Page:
Marquette bingo shop evokes the past

Josh Stanton

A ticking clock breaks the silence in perfect repetition while the display room of the Bingo Shop on Washington Street sits ever-so-quietly. The shelves on the walls are lined with row after row of bingo daubers in varying colors and sheens, and in the back room, vintage pull tab gaming machines sit idle, gathering dust.re-bingo boards

You can feel the sense of a “day gone by” in this space, a day when bingo was the talk of the town and was a gathering essential in most community groups, be they churches, rotary clubs or school groups.  Jim Higgins, owner of Higgins’ Bingo Supply in downtown Marquette, remembers such a time.

“My parents started this business back in 1981,” Higgins said. “It was doing a lot of good business back then.”

Higgins’ parents, John and Diana, got the vision for the business from realizing the sheer amount of bingo community events that existed back in the late ‘70s and early ‘80s.

“When we were in grade school at St. Michaels, my parents worked the bingo games there,” Higgins said. “Eventually they took it over and ended up handling the American Legion’s bingo nights as well.”

Higgins’ father worked a full-time job as a sales manager for Firestone Tire Co., and when he retired, he started Higgins’ Bingo Supply. At that time, there were only two bingo suppliers in all of Michigan, both over 450 miles away. So he saw the opportunity, and he took it.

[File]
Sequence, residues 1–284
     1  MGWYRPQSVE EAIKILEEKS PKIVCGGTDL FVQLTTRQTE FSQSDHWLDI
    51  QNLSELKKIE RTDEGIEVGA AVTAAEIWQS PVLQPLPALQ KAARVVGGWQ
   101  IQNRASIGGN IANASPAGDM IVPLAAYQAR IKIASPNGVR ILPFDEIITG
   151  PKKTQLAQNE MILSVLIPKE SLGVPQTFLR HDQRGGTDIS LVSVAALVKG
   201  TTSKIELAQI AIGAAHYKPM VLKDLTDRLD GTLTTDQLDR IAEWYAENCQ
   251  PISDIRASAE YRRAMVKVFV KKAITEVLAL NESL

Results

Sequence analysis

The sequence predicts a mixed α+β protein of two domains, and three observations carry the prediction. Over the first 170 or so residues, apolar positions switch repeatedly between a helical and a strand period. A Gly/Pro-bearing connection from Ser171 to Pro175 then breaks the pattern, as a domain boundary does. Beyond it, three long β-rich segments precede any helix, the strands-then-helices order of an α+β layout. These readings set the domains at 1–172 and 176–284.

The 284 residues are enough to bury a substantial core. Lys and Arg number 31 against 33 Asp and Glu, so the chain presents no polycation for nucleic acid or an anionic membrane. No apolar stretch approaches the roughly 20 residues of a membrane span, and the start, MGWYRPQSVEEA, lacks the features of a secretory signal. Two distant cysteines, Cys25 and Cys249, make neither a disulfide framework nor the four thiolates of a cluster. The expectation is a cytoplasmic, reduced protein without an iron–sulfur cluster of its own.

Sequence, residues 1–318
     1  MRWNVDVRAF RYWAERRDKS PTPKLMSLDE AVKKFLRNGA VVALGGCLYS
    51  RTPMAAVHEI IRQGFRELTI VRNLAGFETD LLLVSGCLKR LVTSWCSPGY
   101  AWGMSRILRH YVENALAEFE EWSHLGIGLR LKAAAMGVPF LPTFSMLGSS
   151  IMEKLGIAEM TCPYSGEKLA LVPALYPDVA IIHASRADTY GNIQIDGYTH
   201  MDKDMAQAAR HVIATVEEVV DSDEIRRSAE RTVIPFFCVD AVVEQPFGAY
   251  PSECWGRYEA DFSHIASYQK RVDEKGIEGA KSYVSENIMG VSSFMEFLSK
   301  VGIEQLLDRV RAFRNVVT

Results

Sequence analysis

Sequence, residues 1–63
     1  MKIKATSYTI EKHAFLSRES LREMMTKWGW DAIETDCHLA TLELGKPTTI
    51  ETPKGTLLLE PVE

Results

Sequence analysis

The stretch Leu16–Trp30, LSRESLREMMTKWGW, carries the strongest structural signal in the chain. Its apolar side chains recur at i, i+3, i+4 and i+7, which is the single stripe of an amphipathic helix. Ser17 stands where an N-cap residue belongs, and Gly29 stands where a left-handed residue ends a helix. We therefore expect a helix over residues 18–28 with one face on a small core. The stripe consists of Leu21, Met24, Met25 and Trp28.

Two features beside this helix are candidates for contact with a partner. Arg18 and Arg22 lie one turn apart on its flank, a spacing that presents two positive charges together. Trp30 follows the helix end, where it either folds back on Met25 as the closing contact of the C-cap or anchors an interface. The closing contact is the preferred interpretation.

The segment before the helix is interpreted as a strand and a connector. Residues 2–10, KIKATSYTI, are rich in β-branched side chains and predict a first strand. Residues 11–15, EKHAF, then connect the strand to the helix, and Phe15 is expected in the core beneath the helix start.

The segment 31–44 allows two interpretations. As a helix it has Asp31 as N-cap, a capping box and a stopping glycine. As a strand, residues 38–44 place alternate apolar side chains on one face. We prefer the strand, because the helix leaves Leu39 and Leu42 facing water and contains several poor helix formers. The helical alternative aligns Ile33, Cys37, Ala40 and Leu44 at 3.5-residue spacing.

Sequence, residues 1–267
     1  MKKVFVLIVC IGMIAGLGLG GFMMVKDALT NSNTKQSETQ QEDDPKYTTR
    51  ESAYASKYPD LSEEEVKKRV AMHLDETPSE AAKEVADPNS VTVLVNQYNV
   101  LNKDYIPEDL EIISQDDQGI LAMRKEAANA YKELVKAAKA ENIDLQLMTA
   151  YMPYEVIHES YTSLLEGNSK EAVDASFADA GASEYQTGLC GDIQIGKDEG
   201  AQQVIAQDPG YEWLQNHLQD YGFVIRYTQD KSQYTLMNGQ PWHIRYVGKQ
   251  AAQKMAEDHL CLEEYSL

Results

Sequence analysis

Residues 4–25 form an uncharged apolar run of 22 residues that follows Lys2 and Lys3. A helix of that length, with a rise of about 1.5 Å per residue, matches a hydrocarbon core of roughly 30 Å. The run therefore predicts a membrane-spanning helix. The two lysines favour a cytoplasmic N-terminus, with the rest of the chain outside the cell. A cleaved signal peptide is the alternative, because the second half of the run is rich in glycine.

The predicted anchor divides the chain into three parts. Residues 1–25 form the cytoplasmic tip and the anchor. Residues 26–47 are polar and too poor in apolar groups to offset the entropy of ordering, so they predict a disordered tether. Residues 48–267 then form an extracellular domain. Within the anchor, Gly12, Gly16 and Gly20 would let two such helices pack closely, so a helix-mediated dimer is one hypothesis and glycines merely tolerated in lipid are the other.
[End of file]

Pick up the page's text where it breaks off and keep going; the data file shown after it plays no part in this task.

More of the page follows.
“He went around and got everybody’s bingo business in all of the U.P.,” Higgins said of his father.

Jim worked for his parents’ shop throughout high school and college and later picked up his tools as a carpenter for 10 years. His dad then offered him ownership of the thriving business.

“I took it up 24 years ago with no real passion for bingo. Back then it was a good deal for me,” Higgins said.

The bingo business has declined over the past decade, but that doesn’t mean that the establishment hasn’t had its fair share of excitement.

Higgins said that back some years ago the rock band REO Speedwagon came through Marquette. When they passed the bingo supply shop, the lead singer ordered the tour bus to turn around and go back. He ended up buying bingo supplies for his mom and taking pictures with Higgins’ father. “It was fun,” Higgins said. “It kind of put us on the map.”

Before the idea for the bingo supply shop was conceived, the building had been in Higgins’ family since its construction by his great-grandfather in 1882. The storefront went from being a bar to a barbershop to a bookstore.

“It’s had a great many uses over the years. Back at the beginning, this shop was on the outskirts of town, the ‘boonies’ if you will,” Higgins joked.

The bingo business has “just been hanging on” the past couple of years, but Higgins still hopes for a resurgence of interest in bingo.

“The way business is going, I’m not even sure it will be around very much longer. Even your senior citizens and retirees are biking and kayaking instead of going bowling or going to bingo,” Higgins said grimly. “I guess time will tell.”